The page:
Norwegian seeks to hand back 36 aircraft

Airline asks High Court to end leases held by Irish subsidiaries

Troubled airline Norwegian Air Shuttle (NAS) is seeking to hand back 36 aircraft to lessors as it seeks to cut its fleet in an overhaul of the business.

NAS and four Irish subsidiaries have Irish High Court protection from creditors while examiner Kieran Wallace of KPMG puts together a rescue plan for the Scandinavian carrier.

The High Court heard on Thursday that the group wanted to repudiate leases on 36 aircraft held by the Irish-registered companies.

The airline is seeking to cut its fleet, among other measures to rescue the business that also include raising up to €500 million.


Lawyers for lessors, including Rossa Fanning SC for Irish giant Aercap, Goshawk and Engine Lease Finance Group, argued that the companies had not submitted enough evidence to support the application to the court.

“The evidence is threadbare; it’s devoid of any detail on why these leases are unduly onerous and why the company cannot continue with them,” he said.

However, Brian Kennedy, the companies' senior counsel, argued that they would have faced different criticisms if they had made multiple submissions.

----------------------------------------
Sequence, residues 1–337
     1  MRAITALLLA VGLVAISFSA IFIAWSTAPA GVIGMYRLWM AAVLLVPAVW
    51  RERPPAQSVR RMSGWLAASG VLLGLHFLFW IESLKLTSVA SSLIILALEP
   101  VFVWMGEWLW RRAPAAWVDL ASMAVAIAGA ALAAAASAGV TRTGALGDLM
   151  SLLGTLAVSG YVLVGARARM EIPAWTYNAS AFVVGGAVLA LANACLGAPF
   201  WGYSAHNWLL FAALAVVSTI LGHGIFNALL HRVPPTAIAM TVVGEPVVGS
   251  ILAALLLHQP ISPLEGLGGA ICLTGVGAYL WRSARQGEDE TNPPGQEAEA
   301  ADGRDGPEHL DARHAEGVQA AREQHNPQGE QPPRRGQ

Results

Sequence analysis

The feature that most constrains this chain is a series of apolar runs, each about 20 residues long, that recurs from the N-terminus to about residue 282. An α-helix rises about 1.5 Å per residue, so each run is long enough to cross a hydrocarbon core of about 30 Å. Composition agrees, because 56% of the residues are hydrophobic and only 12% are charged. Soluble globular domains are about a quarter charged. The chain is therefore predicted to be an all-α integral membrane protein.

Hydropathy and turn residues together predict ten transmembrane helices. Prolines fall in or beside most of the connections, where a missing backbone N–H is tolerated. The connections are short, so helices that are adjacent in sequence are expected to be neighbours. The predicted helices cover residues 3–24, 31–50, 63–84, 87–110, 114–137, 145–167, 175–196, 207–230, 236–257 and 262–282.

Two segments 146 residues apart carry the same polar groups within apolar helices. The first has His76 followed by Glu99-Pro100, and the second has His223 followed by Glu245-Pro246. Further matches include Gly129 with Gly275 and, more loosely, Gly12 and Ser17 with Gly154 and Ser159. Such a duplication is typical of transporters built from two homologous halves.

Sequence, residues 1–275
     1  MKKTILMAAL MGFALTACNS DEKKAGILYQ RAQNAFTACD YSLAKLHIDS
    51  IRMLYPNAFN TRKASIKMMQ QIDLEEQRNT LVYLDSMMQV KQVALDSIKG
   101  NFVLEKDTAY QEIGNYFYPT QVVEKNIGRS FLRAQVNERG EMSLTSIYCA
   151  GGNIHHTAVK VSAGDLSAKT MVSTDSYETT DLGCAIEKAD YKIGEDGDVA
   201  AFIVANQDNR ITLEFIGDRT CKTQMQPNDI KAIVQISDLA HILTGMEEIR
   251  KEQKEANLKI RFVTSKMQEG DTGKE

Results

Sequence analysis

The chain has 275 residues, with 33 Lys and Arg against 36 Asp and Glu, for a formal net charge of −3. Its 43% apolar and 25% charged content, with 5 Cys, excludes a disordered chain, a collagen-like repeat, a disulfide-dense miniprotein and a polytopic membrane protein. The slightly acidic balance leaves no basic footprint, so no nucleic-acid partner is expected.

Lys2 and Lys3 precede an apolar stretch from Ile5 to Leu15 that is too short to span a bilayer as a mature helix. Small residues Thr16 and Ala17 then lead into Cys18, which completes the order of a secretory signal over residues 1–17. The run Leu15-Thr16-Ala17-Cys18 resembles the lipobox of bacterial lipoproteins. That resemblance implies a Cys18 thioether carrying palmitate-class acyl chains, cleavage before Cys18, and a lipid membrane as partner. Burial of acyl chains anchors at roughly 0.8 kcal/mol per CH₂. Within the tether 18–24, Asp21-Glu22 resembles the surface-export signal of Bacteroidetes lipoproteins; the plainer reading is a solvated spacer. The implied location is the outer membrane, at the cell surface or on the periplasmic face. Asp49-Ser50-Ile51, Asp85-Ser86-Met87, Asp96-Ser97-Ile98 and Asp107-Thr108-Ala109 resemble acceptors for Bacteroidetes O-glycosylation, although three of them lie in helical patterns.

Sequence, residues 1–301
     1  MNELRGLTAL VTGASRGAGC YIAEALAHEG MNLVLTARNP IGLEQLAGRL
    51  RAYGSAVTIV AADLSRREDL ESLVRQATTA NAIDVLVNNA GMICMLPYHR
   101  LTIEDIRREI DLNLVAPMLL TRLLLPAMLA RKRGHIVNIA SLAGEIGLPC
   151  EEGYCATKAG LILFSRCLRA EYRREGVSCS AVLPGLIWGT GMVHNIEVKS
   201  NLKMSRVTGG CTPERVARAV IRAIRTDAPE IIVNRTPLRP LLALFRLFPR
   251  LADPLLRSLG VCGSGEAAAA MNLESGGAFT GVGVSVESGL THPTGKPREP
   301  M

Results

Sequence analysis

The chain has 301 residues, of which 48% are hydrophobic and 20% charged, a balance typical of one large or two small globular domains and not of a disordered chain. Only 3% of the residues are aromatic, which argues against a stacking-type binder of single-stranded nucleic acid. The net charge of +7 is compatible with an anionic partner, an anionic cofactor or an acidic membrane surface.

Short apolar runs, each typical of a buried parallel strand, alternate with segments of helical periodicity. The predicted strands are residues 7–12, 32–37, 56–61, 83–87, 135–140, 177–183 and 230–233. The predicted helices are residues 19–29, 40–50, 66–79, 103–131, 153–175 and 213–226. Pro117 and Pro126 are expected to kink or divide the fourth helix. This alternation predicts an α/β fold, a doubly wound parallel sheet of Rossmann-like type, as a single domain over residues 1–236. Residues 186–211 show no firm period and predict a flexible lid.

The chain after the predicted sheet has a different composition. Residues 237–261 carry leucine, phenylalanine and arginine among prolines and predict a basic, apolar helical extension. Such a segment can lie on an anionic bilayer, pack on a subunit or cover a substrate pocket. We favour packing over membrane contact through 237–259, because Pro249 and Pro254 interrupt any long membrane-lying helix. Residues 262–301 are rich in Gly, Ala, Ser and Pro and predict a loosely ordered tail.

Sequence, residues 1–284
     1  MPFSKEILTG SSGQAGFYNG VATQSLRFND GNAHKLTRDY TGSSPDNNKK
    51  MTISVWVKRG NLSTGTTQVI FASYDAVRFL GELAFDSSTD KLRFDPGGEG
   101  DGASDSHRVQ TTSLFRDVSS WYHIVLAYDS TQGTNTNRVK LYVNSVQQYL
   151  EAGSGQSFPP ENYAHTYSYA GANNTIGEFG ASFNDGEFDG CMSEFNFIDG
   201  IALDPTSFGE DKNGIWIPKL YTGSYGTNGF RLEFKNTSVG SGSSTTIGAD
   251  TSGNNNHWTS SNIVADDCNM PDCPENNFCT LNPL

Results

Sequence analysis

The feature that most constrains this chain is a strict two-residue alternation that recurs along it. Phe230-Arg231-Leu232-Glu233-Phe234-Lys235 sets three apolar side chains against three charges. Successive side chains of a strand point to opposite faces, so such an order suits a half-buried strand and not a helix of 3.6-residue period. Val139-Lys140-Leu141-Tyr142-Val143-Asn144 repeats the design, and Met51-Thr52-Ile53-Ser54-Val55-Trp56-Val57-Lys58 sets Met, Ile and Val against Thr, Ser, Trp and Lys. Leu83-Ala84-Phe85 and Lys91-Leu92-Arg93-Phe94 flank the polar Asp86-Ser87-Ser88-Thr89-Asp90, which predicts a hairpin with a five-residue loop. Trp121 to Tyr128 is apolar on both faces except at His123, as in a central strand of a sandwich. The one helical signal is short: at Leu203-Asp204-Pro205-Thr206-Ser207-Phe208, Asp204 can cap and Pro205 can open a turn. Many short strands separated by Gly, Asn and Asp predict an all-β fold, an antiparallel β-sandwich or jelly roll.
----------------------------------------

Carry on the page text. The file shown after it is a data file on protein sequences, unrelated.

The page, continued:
Mr Kennedy pointed out that the companies wanted the issue dealt with as expeditiously as possible.

Mr Justice Michael Quinn adjourned the matter until Thursday, February 4th. He noted that the court could deal with issues raised by lessors and other parties then.

Oslo-based NAS and Irish subsidiaries Arctic Aviation Assets, Drammensfjorden Leasing Ltd, Lysakerfjorden Leasing Ltd and Norwegian Air International are all part of the examinership process. The leasing companies hold 48 jets in total.

Extension possible

Mr Kennedy did not rule out the possibility that the examinership could be extended for a further 50 days.

Examinerships run for an initial 70 days, but the courts can extend them to 100 days and in some circumstances for a further 50.

The High Court last week extended Norwegian’s process to February 25th, which will bring it to 100 days. The group originally sought High Court protection in November.

The Norwegian carrier opted to use the Irish courts, as the group leases its aircraft through subsidiaries based here.

NAS told creditors at a meeting in Oslo this week that it hoped to have exited the Irish examinership and a simultaneous process in Norway in April.

The airline has already said it intends to axe its long-haul services. It planned to cut its fleet by more than half to 68 from 140 at the time it entered examinership.

If it emerges from the process, the airline plans to have 40 aircraft based in Europe’s Nordic countries next year with a further 28 operating elsewhere in the continent. It may have up to 53 in service this summer, depending on Covid-19 travel restrictions.

Barry O'Halloran

Barry O'Halloran

Barry O’Halloran covers energy, construction, insolvency, and gaming and betting, among other areas